Trump administration weighs new family-separation effort at border

One option under consideration is for the government to detain asylum-seeking families together for up to 20 days, then give parents a choice — stay in family detention with their child for months or years as their immigration case proceeds, or allow children to be taken to a government shelter so other relatives or guardians can seek custody.

That option — called “binary choice” — is one of several under consideration amid the president’s frustration over border security. Trump has been unable to fulfill key promises to build a border wall and end what he calls “catch and release,” a process that began under past administrations in which most detained families are quickly freed to await immigration hearings. The number of migrant family members arrested and charged with illegally crossing the border jumped 38 percent in August and is now at a record level, according to Department of Homeland Security officials.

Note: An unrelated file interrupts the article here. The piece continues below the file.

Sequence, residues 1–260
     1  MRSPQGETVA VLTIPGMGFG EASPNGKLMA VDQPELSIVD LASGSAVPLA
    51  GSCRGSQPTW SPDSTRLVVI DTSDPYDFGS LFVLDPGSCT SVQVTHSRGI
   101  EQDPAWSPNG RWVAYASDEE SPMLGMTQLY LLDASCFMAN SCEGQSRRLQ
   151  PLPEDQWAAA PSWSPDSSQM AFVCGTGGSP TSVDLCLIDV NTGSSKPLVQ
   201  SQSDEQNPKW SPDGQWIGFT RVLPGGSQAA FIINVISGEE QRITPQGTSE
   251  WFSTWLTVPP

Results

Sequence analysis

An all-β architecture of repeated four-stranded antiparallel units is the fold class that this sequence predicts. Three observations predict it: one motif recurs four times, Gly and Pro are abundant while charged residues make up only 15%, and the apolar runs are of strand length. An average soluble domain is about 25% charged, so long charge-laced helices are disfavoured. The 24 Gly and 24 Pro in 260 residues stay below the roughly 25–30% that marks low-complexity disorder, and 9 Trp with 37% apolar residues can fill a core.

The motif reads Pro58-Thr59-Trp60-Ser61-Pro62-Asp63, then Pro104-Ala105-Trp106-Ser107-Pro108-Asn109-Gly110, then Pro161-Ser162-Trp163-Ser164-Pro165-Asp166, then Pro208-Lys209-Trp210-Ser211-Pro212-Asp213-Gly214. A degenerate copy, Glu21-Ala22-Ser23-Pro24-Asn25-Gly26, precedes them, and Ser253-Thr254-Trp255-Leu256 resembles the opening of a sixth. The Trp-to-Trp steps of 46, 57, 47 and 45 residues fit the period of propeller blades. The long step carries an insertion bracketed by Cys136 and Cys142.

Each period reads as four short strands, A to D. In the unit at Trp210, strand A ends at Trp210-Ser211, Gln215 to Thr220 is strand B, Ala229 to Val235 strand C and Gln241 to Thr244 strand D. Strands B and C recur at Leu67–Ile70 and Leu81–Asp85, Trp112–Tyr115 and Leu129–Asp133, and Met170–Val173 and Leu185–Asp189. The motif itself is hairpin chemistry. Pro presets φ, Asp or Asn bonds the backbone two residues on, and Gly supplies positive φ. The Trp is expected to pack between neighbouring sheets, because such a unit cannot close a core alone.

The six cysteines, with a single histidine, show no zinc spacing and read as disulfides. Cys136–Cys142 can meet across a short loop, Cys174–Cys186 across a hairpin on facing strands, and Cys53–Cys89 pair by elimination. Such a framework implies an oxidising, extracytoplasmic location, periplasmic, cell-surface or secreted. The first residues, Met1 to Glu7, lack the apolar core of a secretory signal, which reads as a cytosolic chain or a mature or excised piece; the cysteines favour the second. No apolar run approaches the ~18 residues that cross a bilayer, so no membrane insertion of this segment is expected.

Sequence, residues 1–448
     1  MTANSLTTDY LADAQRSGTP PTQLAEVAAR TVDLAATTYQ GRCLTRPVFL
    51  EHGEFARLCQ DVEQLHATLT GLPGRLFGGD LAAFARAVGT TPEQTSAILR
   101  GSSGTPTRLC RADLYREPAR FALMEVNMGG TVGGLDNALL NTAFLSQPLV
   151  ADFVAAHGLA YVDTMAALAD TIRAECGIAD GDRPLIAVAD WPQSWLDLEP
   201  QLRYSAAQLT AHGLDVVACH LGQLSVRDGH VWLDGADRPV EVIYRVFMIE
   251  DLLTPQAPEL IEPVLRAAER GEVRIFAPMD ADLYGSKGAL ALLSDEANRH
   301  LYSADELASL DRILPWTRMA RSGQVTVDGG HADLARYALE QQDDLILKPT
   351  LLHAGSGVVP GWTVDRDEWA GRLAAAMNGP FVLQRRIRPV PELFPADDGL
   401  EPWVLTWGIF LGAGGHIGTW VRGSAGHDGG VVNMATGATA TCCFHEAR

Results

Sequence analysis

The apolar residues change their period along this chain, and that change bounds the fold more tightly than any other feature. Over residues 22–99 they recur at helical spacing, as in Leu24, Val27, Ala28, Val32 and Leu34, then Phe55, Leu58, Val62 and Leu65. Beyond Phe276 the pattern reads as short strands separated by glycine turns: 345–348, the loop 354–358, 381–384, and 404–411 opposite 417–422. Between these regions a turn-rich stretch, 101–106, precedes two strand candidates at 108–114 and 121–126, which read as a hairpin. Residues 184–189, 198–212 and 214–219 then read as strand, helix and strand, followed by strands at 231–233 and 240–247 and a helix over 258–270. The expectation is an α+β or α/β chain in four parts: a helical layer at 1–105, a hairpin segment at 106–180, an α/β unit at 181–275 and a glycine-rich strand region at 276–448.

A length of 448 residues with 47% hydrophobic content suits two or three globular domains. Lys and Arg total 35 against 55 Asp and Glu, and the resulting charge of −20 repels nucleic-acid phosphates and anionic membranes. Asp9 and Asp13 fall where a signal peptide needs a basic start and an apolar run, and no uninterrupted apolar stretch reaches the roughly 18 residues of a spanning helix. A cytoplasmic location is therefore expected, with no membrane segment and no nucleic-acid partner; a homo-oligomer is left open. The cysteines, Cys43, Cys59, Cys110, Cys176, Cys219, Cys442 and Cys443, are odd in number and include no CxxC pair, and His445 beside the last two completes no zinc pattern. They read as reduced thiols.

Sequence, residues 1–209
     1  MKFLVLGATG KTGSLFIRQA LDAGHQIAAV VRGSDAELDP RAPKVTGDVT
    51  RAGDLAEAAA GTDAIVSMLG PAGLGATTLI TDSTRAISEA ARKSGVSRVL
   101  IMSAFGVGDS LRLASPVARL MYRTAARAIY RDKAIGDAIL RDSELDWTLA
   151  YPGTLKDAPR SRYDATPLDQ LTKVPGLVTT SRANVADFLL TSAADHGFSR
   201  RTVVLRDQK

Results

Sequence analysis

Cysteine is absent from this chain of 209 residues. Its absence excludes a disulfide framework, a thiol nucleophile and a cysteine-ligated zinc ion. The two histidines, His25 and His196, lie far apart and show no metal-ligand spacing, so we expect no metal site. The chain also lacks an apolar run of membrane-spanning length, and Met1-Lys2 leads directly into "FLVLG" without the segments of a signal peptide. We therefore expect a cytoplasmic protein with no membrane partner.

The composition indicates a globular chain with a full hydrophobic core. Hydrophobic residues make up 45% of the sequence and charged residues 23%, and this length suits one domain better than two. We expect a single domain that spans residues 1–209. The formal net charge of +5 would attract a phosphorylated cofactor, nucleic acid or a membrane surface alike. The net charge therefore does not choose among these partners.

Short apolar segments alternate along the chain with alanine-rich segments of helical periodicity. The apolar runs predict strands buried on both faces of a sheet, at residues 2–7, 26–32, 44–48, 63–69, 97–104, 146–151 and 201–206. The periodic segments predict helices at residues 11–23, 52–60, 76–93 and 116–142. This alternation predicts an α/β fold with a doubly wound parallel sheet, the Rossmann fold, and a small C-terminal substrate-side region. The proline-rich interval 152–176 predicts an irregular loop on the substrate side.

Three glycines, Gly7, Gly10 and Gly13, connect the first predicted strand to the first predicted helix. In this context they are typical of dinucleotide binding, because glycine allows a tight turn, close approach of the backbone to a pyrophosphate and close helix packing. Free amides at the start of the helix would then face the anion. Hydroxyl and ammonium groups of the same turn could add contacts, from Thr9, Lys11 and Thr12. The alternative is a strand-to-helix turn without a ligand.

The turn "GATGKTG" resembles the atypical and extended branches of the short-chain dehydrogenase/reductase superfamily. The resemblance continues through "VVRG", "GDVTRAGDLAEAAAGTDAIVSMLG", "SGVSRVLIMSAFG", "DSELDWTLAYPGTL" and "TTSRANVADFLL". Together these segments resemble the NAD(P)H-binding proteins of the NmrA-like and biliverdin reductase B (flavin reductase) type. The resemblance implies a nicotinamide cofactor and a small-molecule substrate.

Senior administration officials say they are not planning to revive the chaotic forced separations carried out by the Trump administration in May and June that spawned an enormous political backlash and led to a court order to reunite families.